“This isn’t really the place for this debate, but since it’s on: No, capitalism doesn’t embrace corruption, unless your definition of capitalism is a cocoon-like intermediary economic stage preceding corporate plutocracy.
The problem that undermines the theory of capitalism is that it assumes everyone plays fair and competes through the same small array of market forces (product quality, price, etc). But if you have resources, you don’t need the best product or whatever. You just need to leverage your influence through market forces (buyouts, takeovers, etc), your near-absolute control of advertising and branding (there are about 5 major media corporations today, all of which have subsidiaries in basically every industry), and, when feasible, control of extra-market forces (regulatory capture and other more dramatic forms of government intervention).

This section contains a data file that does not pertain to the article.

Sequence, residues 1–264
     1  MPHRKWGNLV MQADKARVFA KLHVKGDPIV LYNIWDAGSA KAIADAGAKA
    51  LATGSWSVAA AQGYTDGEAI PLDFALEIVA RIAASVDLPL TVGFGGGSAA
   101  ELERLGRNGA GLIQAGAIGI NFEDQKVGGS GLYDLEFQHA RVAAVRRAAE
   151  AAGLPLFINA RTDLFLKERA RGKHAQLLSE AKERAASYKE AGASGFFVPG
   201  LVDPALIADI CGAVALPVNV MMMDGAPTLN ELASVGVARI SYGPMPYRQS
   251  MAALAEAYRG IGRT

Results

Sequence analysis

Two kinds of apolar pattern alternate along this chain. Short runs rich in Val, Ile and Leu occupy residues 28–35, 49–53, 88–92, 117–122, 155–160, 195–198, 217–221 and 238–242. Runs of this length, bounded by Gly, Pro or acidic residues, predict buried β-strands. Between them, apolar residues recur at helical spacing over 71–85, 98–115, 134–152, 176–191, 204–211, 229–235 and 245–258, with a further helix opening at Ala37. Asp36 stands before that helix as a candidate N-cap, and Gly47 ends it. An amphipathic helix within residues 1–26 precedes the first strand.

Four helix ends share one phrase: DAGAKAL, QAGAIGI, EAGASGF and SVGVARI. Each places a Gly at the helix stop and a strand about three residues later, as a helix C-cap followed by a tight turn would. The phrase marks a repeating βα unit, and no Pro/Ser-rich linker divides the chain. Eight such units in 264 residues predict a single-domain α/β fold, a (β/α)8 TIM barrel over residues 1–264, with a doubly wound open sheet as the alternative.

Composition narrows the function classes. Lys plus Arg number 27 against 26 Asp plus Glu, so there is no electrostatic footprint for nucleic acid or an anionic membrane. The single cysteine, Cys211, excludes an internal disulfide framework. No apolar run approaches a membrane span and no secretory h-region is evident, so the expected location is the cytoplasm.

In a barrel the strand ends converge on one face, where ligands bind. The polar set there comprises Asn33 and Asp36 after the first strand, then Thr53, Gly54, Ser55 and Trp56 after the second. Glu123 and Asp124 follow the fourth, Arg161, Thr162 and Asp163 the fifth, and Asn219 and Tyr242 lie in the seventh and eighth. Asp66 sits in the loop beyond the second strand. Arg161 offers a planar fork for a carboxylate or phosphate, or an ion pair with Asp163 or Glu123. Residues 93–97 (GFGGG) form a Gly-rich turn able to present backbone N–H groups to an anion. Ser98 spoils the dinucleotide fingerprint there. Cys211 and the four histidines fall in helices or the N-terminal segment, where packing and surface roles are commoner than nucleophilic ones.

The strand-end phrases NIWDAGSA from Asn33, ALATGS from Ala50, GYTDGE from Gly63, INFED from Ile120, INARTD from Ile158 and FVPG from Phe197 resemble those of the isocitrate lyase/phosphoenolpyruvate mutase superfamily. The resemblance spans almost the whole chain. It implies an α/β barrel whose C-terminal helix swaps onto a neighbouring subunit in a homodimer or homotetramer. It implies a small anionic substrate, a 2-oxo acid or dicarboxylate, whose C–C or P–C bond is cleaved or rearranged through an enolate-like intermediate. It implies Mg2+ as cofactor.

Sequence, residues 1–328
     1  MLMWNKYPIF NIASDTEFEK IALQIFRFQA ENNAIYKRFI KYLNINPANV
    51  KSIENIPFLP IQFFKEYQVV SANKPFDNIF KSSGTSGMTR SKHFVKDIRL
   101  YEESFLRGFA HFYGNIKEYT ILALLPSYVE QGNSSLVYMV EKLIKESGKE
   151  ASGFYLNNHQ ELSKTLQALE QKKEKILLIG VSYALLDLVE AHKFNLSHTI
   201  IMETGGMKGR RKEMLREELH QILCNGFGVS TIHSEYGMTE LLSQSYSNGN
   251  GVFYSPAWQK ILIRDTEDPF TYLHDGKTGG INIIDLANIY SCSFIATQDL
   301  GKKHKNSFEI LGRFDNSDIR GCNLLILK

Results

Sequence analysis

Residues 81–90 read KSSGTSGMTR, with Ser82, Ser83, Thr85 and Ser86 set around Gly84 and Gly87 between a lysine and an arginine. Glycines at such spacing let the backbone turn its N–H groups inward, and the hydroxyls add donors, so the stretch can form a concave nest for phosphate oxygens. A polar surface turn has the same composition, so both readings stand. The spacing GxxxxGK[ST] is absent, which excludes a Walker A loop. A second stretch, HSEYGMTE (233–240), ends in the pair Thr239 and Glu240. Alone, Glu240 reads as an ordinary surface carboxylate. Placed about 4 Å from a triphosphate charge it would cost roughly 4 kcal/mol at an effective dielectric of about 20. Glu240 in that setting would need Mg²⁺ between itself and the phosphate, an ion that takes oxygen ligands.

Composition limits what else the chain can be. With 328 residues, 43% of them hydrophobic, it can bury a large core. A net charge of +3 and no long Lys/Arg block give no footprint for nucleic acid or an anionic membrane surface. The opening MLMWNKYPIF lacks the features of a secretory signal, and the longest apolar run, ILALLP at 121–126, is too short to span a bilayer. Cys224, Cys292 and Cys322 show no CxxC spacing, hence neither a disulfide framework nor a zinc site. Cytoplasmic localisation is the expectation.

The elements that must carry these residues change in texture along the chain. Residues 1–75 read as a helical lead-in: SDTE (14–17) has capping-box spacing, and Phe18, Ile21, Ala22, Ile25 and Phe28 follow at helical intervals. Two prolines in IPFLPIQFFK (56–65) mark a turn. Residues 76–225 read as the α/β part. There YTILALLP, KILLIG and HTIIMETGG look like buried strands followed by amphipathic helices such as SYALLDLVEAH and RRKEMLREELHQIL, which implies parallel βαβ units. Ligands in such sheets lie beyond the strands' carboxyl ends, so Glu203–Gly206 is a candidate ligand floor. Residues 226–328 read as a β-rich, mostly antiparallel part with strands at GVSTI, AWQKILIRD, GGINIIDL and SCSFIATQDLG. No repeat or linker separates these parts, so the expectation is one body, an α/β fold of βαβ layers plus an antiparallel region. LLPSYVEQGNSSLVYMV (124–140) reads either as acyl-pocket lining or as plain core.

And that’s the great myth of capitalism: That some sort of magical market force continually topples the inefficient and replaces it with a newer, more efficient alternative. That’s not what actually happens. What actually happens is that the most powerful cheat, and simply get bigger and bigger, and the scope of their influence increases. Look at the list of world’s most powerful companies:
Not a whole lot of new players on that board. The internet, basically mankind’s greatest technological achievement, has added a few new players, but the old guard is still there (sometimes rebranded), but bigger, and with more influence.
This has a number of problematic effects. Critical collective Resources, like clean air, water, CO2 levels, are generally ignored, since they aren’t immediately profitable to anyone. Governments do the bidding of corporate powers, by hamstringing their competition (e.g. the alternative fuel industries, electric cars, etc) or by wholesale committing horrific acts of violence for them (e.g. Banana Wars). Eventually, the line between corporate and governance becomes so thin that it’s indistinguishable, at which point society is ruled by a handful of profit-driven conglomerates. If that isn’t corruption, I don’t know what is.”